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Article
December 1986

Cutaneous Reaction to Chlorambucil Therapy

Author Affiliations

Department of Dermatology The Johns Hopkins University 600 N Wolfe St Baltimore, MD 21205

Arch Dermatol. 1986;122(12):1358-1360. doi:10.1001/archderm.1986.01660240020006
Abstract

To the Editor.—  Chlorambucil is an oral nitrogen mustard derivative used primarily to treat chronic lymphocytic leukemia, non-Hodgkin's lymphomas, certain carcinomas,1 and connective tissue diseases.2 The major side effects are dose-related bone marrow depression and gastrointestinal tract symptoms such as anorexia, nausea, and vomiting.3 There are several reports of a possible teratogenic effect and neurotoxic manifestations including convulsions and coma.1 In addition, continuous chlorambucil therapy has been shown to induce neoplasia as a result of cumulative chromosomal damage.2 Allergic skin reactions to chlorambucil therapy are rare. Two cases of chlorambucil-related skin reactions have been reported in patients with chronic lymphocytic leukemia.1,3 We describe a patient with nodular histiocytic lymphoma who had a similar type of skin reaction secondary to chlorambucil therapy.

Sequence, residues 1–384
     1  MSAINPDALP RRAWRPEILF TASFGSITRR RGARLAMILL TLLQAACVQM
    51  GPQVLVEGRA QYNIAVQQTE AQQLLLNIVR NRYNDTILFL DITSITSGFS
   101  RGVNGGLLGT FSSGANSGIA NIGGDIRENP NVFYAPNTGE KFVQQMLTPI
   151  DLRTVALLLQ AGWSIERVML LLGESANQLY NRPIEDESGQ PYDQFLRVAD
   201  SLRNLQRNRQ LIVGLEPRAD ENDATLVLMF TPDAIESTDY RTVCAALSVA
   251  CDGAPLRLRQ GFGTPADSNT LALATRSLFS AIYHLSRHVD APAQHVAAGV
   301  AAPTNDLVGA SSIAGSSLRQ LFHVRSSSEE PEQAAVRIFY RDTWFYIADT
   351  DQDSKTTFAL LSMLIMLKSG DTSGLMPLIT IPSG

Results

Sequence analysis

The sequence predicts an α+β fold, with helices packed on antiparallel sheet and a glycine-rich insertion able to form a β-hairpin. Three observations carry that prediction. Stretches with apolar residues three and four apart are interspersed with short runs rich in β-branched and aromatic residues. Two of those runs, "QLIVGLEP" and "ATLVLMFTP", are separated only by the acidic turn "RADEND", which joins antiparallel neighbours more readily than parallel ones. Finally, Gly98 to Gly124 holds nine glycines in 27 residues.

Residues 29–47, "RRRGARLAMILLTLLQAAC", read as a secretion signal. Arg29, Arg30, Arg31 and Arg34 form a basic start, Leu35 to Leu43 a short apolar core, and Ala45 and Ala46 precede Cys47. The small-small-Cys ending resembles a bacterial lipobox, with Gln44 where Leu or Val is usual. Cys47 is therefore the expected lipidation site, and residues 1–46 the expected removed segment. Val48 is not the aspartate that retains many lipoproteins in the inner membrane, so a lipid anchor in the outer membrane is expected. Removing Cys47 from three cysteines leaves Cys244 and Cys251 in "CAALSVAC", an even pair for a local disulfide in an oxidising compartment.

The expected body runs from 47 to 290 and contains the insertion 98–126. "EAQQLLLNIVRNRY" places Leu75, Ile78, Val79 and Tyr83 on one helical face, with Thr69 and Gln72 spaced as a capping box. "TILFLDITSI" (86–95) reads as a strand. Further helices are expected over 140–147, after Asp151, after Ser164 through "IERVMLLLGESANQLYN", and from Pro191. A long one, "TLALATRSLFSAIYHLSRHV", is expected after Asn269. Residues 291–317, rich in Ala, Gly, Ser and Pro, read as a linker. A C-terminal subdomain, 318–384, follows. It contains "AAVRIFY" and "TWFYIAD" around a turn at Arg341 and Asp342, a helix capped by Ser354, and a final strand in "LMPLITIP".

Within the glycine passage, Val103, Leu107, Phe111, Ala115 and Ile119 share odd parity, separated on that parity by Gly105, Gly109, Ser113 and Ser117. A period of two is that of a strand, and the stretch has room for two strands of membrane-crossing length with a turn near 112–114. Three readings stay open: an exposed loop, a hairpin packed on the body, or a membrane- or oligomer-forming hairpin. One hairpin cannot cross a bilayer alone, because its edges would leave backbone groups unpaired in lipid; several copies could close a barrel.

Report of a Case.—  A previously healthy 61-year-old woman was diagnosed to have stage IV, poorly differentiated, nodular, histiocytic lymphoma in July 1984.

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